“Sword of Doom”: A Rebuttal
Two samurai are set to duel on the following day. One samurai has a family and if he wins he will become the new Instructor for the ruling family, an honor that will be passed down from father to son for generations. It ensures that his family will be taken care of indefinitely. The other samurai is a ronin, a masterless, wandering warrior with no loyalties. Since this is not a duel to the death he has nothing to gain and nothing to lose. The ronin is visited by the wife of the other samurai. She knows that the ronin is too skilled to be beaten by her husband so she goes to him, hopefully to persuade him to throw the fight. It would be the most honorable thing a warrior could do. But she does not yet realize with whom she is dealing.
“Sword of Doom” is based on an ancient Japanese adage, “an evil soul wields an evil sword.” The ronin is played by Tatsuya Nakadai, one of the biggest Japanese movie stars in his day, and he plays the sociopathic ronin with chilling authenticity. Looking into his dark, empty eyes is to come face to face with a believable, everyday evil that may be one of the greatest performances of it’s kind.
The wife bows down before this coiled rattlesnake of a man and pleads her case. She bows in the middle of the room, her face buried in the tatami mats, her hands placed before her, weeping for the future of her husband and her family. The ronin sits languidly, his back against a pillar, and from our vantage point in the room he disappears from sight. No furniture or decorations crowd the room, nothing to busy our attention. Just the woman. At first the framing seems odd until the full import of the scene sinks in. The ronin has disappeared because he might as well not even be in the room. The woman’s protestations of honor and kindness fall on deaf ears. This is Japanese mise-en-scene in it’s essence; the simplicity, the stark compositions, the reliance on framing to communicate information. “Sword of Doom” is full of these insights into character motivations and behavior through the use of the camera. In other words, it’s pure cinema.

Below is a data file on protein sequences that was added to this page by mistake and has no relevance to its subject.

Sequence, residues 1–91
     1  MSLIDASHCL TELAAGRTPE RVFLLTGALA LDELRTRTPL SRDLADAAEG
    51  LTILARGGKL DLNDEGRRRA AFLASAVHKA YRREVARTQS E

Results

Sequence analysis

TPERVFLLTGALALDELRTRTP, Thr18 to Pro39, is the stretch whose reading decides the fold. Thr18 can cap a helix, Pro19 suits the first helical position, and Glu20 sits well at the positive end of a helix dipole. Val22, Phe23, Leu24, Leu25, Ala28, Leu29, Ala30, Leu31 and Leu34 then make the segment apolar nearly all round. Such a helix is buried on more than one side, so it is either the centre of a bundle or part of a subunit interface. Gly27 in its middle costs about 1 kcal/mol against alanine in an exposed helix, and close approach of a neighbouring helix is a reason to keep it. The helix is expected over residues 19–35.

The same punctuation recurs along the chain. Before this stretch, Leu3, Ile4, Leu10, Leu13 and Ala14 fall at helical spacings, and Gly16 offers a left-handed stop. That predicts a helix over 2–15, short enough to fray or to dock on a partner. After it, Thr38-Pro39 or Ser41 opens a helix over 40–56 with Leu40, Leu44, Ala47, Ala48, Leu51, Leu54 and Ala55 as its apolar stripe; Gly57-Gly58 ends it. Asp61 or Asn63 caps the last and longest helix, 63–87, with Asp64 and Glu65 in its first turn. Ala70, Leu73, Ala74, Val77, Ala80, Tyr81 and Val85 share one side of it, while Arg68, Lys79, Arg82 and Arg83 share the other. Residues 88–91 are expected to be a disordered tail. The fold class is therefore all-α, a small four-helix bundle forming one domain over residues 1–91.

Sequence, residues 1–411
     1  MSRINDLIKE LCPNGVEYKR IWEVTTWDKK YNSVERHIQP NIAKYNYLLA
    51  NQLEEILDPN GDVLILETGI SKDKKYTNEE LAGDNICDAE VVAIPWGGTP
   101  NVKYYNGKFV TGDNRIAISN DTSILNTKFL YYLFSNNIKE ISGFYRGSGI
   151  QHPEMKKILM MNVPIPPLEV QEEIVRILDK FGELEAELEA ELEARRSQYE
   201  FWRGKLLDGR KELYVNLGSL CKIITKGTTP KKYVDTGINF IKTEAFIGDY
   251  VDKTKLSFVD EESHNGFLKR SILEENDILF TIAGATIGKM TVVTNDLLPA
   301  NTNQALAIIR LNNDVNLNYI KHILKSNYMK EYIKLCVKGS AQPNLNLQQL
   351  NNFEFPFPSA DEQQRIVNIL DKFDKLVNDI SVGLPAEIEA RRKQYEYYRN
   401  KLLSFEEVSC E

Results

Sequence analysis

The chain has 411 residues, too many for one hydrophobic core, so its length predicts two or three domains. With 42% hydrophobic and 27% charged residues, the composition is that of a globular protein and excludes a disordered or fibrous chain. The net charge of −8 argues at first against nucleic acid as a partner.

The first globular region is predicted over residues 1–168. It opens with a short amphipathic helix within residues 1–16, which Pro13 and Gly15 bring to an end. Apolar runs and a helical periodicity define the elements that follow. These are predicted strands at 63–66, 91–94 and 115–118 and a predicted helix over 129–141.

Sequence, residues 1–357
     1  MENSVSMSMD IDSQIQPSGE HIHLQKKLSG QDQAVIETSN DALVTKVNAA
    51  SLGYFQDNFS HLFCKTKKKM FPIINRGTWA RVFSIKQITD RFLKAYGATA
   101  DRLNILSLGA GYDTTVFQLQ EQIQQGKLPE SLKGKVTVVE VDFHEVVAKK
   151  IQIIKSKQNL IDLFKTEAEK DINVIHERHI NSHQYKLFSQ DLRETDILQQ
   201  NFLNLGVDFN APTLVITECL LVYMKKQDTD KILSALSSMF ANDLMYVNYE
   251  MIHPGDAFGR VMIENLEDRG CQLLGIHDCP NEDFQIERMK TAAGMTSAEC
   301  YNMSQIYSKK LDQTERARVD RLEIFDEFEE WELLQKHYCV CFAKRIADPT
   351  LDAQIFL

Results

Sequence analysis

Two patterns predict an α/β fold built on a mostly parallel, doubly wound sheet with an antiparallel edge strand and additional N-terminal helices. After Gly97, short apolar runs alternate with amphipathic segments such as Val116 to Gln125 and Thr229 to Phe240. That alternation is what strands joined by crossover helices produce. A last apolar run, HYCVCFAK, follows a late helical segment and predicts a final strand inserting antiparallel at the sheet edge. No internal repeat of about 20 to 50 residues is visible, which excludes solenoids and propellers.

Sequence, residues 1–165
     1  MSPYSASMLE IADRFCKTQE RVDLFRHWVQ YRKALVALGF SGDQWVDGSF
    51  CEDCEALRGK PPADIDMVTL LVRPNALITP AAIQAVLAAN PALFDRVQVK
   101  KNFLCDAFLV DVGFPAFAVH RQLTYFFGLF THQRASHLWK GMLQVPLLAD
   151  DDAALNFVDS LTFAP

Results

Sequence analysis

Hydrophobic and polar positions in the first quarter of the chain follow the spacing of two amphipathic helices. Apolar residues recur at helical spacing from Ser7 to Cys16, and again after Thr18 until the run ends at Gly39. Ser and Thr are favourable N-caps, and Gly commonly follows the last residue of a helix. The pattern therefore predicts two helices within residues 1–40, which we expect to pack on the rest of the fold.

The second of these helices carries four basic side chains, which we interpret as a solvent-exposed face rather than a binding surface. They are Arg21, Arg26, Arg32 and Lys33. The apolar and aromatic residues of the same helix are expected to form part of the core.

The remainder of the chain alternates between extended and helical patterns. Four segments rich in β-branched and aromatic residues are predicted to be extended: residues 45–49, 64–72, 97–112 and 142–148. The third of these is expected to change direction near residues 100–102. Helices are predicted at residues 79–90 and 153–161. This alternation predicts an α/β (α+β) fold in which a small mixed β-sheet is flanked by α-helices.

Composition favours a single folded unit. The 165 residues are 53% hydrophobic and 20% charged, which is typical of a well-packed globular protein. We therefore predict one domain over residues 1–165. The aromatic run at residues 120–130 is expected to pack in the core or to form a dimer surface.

The dialogue scenes aren’t the only ones to get the full cinematic treatment either. The fight scenes are some of the finest ever staged. From the camera to the choreography they are utterly enthralling and suitably violent. The ronin is a man who kills for pleasure and his reward is the spraying blood of his victims. And he is amply rewarded throughout the course of the story as his last threads of sanity slowly unravel. Toshiro Mifune appears in a small, wonderful cameo late in the film that sets the stage for the finale, when the ronin finally loses his last shred of humanity. The conclusion is as bloodthirsty as they come and culminates in one of the most explosive and unforgettable freeze frames in all of cinema.